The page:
Jlem

The lady at Cofix kept responding to me in English. That hasn’t happened in a while. I also haven’t been in Jerusalem as a civilian in a while.

The bus driver waited for me and then held my espresso as I sifted through my wallet for my rav kav.

“What do you want?” he asked a frazzled soldier without the command of a uniform.

“My rav kav,” I replied.

“It’s important.”

“I also want my espresso.”

“That’s also important.”

On the way back from the Old City, after fleeing (I was thinking of a synonym for escaping until I realized it wasn’t a synonym—I was reaching for the Hebrew word) a man trying to charge 65 shekels for rosaries and subsequently discovering that I had lost my credit card (again…oops), we saw two young men approaching.

“They’re American,” I commented.

“Ya think?” said Anaelle. “Obviously. What tipped you off?”

It was the tie dye and the hubris for me. It was the haircuts for Anaelle.

The topic of my Americanness surfaced. I didn’t look overtly American. Not with my ironic Adika tee that said “toxic love” (it’s only funny to me) nor my Blundstone’s and skinny jeans. Not even my Vermont cow socks screamed American. It’s interesting to consider how I no longer feel the need to externally express my Israeliness, as if proving it to myself through my clothes. Granted, I mostly wear olive in public, which is unmistakably Israeli. But as a civilian, I don’t cling to wardrobe staples purchased in the land or ones that explicitly denote my love for the land. I just get dressed, and I am Israeli.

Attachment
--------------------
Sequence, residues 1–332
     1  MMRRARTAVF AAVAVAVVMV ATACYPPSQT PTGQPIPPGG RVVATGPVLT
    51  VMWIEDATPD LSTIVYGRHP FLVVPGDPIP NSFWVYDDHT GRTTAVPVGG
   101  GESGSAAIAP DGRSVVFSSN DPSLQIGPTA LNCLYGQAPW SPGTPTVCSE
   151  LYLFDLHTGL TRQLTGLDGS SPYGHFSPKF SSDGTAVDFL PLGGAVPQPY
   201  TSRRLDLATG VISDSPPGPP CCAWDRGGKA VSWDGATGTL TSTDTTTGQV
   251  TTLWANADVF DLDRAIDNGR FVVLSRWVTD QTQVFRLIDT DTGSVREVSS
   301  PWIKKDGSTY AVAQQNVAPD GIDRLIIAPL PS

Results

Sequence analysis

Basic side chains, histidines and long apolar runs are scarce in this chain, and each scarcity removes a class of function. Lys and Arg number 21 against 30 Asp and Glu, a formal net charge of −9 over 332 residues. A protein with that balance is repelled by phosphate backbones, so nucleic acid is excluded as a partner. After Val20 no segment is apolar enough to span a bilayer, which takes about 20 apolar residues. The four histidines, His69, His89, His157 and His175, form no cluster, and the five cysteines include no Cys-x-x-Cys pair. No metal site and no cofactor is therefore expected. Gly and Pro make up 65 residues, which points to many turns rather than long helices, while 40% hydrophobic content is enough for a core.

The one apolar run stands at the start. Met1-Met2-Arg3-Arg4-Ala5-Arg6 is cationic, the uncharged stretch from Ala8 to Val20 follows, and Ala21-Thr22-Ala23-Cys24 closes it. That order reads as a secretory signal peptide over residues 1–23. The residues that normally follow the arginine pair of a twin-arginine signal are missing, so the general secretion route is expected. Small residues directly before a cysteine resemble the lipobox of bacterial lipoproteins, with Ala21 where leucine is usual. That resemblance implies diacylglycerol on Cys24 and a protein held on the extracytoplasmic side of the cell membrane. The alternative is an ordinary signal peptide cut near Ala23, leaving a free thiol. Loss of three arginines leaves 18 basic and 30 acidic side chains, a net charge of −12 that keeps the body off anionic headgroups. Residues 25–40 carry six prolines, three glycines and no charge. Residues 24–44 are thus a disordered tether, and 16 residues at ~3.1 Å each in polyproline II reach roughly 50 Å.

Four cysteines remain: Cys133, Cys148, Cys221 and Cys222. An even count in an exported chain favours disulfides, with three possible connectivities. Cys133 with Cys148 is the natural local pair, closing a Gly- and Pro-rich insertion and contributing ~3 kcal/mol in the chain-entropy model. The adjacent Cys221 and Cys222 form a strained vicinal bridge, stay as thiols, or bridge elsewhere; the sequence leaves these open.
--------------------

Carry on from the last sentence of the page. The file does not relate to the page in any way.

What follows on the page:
Today I went to the bank to ensure that I ordered the correct replacement card. I arrived before the bank opened, yet somehow I waited 25 minutes before speaking to someone because business accounts take precedent, apparently. 25 was my tipping point as another business man was called who had arrived 20 minutes after me. I approached the counter and explained, listen, I am a lone soldier and I lost my card yesterday. No, I don’t need you to give me the replacement, I know that I ordered it only yesterday. I need you to check what I ordered, when it will arrive, and give me money because I’m a lone soldier and I’m not interested in using my American card that charges 3% on international transactions. Ugh.

Israelis. Audacious, aren’t we?

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